Narcotics which can be collected and analyzed, include but are not limited to 6-acetylmorphine, alprazolam, amobarbital, amphetamine, antipyrine, benzocaine, benzoylecgonine, bromazepam, butalbital, carbetapentane, cathinone, chloradiazepoxide, chlorpheniramine, cocaethylene, cocaine, codeine, diazepam, ecgonine, ecognine methyl ester (EME), ephedrine, fentanyl, flunitrazepam, hashish, heroin, hydrocodone, hydromorphone, ketamine, lidocaine, lorazepam, lysergic acid diethylamide (LSD), lysergic acid, N-methyl-1-3(3,4-methylenedioxyohenyl)-2-butanamine (MBDB), 3,4-methylenedioxyamphetamine (MDA), DL-3,4-methylenedioxyethylamphetamine (MDEA), methylenedioxymethamphetamine (MDMA), marijuana, mescaline, methadone, methamphetamine, methaqualone, methcathinone, morphine, noscapine, opium, oxazepam, oxycodone, phencyclidine (PCP), pentobarbital, phenobarbital, procaine, psilocybin, secobarbital, temazepam, THC, THC-COOH, and triazolam. In one embodiment, the narcotics which can be collected with a swabbing medium 40 include cocaine, heroin, phencyclidine, THC, methamphetamine, methylenedioxyethylamphetamine, methylenedioxymethamphetamine, N-methyl-1-3(3,4-methylenedioxyohenyl)-2-butanamine, lysergic acid diethylamide, and combinations thereof.
Chemical warfare agents and other toxins that can be collected and analyzed include, but are not limited to amiton (VG), anthrax, arsine, cyanogen chloride, hydrogen chloride, chlorine, diphosgene, PFIB, phosgene, phosgene oxime, chloropicrin, ethyl N,N-dimethyl phosphoramicocyanidate (Tabun), isopropyl methyl phosphonofluoridate (Sarin), pinacolyl methyl phosphonefluoridate (Soman), phosphonofluoridic acid, ethyl-, isopropyl ester (GE), phosphonothioic acid, ethyl-, S-(2-(diethylamino)ethyl) O-ethyl ester (VE), phosphonothioic acid, methyl-, S-(2-(diethylamino)ethyl) O-ethyl ester (VM), distilled mustard, ethyldichloroarsine, lewisite 1, lewisite 2, lewisite 3, methyldichloroarsine, mustard-lewisite mixture, mustard-T mixture, nitrogen mustard 1, nitrogen mustard 2, nitrogen mustard 3, phenyldichloroarsine, phosgene oxime, sesqui mustard, adamsite, aflatoxin, botulinus toxin, ricin, saxitoxin, trichothecene mycotoxin, methylphosphonothioic acid S-(2-(bis(1-methylethyl)amino)ethyl) O-ethyl ester (VX), cyclohexyl methylphosphonofluoridate (GF), and combinations thereof.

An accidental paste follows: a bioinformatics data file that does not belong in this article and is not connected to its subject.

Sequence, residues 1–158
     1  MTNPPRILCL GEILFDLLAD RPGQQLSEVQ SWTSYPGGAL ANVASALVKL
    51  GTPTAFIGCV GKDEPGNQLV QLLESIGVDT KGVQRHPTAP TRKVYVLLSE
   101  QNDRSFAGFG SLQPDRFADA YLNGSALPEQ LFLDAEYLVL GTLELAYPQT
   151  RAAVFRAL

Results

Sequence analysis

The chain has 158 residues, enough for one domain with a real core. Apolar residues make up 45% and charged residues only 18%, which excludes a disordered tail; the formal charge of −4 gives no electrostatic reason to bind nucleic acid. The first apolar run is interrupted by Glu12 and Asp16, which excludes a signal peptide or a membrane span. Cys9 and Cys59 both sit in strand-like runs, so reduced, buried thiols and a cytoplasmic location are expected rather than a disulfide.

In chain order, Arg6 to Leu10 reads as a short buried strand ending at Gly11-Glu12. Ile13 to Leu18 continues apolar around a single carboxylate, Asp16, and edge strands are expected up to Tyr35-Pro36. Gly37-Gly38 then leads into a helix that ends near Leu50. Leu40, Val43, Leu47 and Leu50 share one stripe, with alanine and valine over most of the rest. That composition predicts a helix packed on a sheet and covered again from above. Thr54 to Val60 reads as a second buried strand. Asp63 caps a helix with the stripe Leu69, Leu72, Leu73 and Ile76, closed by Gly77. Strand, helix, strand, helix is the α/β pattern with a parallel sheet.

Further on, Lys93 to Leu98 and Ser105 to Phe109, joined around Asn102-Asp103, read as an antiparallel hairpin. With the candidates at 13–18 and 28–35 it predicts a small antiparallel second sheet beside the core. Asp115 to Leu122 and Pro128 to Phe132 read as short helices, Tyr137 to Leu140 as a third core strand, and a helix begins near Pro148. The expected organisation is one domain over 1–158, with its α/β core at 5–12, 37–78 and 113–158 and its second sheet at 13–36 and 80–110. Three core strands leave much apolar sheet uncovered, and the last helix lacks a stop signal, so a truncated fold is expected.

The CTD collects a sample from an article to be analyzed to determine the presence of a target analyte. The CTD article processing mechanism 30 moves an article 15 from a front opening or entrance 22, through the CTD 20 and out to an exit 24. The article 15 can be any type of suitable article or document 15. In one embodiment, the article 15 is a travel ticket, boarding pass, passport, identification card, driver's license, or credit card.
An article processing mechanism 30, according to an embodiment shown in
The article processing mechanism 30 includes a switch mechanism 91 to change the path of the article 15 from a first path directed to exit 24 to a second path directed to a holding area 26, as seen in
According to another embodiment, as shown in
According to another embodiment, the CTD 20 can include a magnetic reader 82, seen in
A swabbing medium 40 is used to collect a sample. The swabbing medium 40 can be any suitable material. As used herein, “swabbing medium 40,” “swab” and “transfer substrate” are used interchangeably. “Swabbing medium 40,” “swab” and “transfer substrate” refers to a substrate, such as a fabric, woven or non-woven, of any size suitable for the intended application.
The swabbing medium 40 should have absorption and desorption properties suitable for the analytes and substrates to be sampled, should be compatible with the geometry and processes performed by the instrument, should be durable and stable over a range of temperatures, and should be substantially free from contaminants and impurities capable in interfering with sample analysis.